I tested the prey-attraction hypothesis for the poorly studied Neotropical spider Argiope savignyi Levi 1968 using a new method that consisted of a trial tunnel combined with decoration removal and prey manipulation. The tunnel is placed in the field, which can mimic natural visual conditions in which spiders and preys are found. Many studies have tested the hypothesis in laboratory conditions (e.g., Y-choice experiments), which might not reproduce natural conditions. As well, the influence of web size can be eliminated while the prey capture history of the spiders, which has an essential effect on the decoration behavior (Craig et al. 2001), can be controlled. If the web decoration functions to attract prey, then I expected that decorated webs would intercept more bees than the undecorated webs and empty control frames.
Site.--This study was carried out from 18 July to 4 August 2007 at La Selva Biological Station, Heredia, Costa Rica (10[degrees]26'N, 83[degrees]59'W), a 1550-ha reserve in the Atlantic lowlands with an annual average rainfall of 4000 mm. See Sanford et al. (1994) for more details about the station.
Animals.--Argiope savignyi is an aerial web weaving spider that decorates its web with zigzags of silk laid in a variety of designs that include silk discs (juveniles) or one to four arms of a cross (adults). Some webs lack decorations (Nentwig & Rogg 1988). This species is common at La Selva (Rovner 1989; Timm & Losilla 2007). I confirmed the species identity using the taxonomic key for Argiope by Levi (2004). No voucher specimens were collected but some collected from La Selva are available at the National Museum of Natural History, Smithsonian Institution, Washington, D.C. (Levi 2004).
Experimental Design.--Collected individuals of A. savignyi were placed in a large screened cage (7 x 3 x 2 m). This cage contained herbaceous vegetation with insects such as Homoptera, Hymenoptera, Orthoptera, on which the spiders were allowed to forage. In addition, each spider was fed several stingless bees to guarantee that they were satiated, an important factor for inducing the construction of decorations (Craig et al. 2001).
A 300 x 120 x 80 cm tunnel, open at both exits, was constructed (Fig. 1). The different web treatments were set up on wooden frames at one end, and a wooden box (40 x 30 x 20 cm) with a nest of the stingless bee Tetragonisca angustula Latreille 1811 was placed in the other end. The frames were put on a 2 x 35 x 120 cm wooden board placed at the exit of the tunnel so that the frames were not in contact with the ground. The exit of the bee nest faced that of the tunnel for the web treatments. Bees could leave the tunnel through the exit containing the frames, which they usually did, or by the other exit. The nest was placed in the tunnel with both exits opened for 48 h before the beginning of the experiment in order to get the bees used to the tunnel and the new nest location. The reason for placing the nest entrance near the tunnel exit was to reduce the stress on the bees, which probably occurs when they are individually manipulated, for instance with C[O.sub.2] anesthesia (Bruce 2006). With the intention of comparing the two web treatments, I used spiders of similar sizes, and the control frame never contained a spider. The exit of the tunnel where the frames were placed was in front of herbaceous vegetation, and a dark green mesh placed one m from it.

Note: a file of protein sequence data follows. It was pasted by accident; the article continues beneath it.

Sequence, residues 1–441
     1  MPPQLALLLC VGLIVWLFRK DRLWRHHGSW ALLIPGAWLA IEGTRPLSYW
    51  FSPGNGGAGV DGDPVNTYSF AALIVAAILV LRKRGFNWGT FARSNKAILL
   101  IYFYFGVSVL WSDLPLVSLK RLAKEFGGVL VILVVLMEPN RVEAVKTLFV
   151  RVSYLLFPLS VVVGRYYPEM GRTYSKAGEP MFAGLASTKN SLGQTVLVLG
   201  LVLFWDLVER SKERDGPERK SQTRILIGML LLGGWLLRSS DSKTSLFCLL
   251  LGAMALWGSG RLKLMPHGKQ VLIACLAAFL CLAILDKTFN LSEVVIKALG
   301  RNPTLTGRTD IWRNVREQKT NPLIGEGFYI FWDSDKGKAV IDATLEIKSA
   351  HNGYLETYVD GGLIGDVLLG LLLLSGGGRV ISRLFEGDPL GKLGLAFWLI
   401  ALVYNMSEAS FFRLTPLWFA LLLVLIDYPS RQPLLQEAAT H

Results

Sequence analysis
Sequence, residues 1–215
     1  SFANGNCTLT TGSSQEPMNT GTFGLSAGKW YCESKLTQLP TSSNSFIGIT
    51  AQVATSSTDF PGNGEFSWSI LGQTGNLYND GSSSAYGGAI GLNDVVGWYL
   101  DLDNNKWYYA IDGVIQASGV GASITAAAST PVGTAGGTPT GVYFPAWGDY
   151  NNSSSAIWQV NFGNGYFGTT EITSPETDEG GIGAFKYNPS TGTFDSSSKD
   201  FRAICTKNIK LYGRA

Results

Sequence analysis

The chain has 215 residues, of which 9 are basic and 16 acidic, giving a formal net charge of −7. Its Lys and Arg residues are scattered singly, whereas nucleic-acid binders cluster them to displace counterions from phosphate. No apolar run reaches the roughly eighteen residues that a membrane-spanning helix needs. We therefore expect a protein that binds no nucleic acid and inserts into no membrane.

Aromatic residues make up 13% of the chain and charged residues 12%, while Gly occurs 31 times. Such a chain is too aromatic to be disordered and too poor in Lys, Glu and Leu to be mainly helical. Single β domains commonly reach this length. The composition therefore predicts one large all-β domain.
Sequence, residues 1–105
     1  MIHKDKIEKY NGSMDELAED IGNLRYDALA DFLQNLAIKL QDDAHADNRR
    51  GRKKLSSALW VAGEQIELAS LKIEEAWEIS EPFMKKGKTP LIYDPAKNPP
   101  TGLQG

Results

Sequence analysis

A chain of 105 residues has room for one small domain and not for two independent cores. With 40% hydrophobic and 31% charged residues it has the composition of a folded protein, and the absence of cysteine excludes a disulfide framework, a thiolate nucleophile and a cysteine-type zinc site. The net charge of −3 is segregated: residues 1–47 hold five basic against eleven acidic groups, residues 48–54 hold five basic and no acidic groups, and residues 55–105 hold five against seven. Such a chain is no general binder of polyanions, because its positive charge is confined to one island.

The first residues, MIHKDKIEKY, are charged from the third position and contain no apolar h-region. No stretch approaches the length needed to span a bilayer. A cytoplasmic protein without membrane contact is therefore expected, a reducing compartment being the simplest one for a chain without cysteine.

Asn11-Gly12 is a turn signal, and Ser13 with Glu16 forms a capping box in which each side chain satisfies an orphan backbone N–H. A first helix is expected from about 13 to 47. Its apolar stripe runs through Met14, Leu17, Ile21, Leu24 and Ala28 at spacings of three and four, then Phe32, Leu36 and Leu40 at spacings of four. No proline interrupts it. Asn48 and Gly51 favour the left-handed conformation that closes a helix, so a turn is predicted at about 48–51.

I performed two experiments with A. savignyi: 1) A "Three-frame choice," consisting of three frames (34.5 x 45.0 cm, or 20 x 20 cm for smaller webs) placed next to each other at the same time and at the same end of the tunnel with different web treatments; one bearing a decorated web, one bearing an undecorated web, and a control without web and spider (Fig. 1) and 2) a two-frame-choice experiment in which the bees were exposed to only two frames placed at the same end of the tunnel and consisting of the following: "decorated web vs. control," "decorated web vs. undecorated web," and "undecorated web vs. control." Small frames (20 x 20 cm) did not cover the entire area of the tunnel s exit, so I covered the remaining space with cardboard sheets. For the three-frame-choice experiment, I used two spiders per replicate (n = 8,155 bees): one for the decorated web and one for the undecorated web. For the two-frame-choice experiments, I compared "decorated webs versus control" frames for 17 repetitions (175 bees), "undecorated webs versus control" frames for 9 repetitions (86 bees), and "decorated webs versus undecorated webs" for 10 repetitions (100 bees). The three-frame-choice experiment trials lasted approximately 5 to 15 min. Bees were allowed to return to the nest except for those that were collected in order to feed the spiders (or caught and consumed by the spider itself). Only one trial was carried out per day, which greatly reduces the possibility of avoidance learning by stingless bees (Craig 1994b). Craig (1994b) also proposed that even if bees learn to avoid decorated webs (e.g., in one location), they are unable to generalize a similar response to other decorated webs. The two- and three-frame-choice experiments were carried out in random order. The three sets within the two-frame-choice experiments were randomly assigned as well.
[FIGURE 1 OMITTED]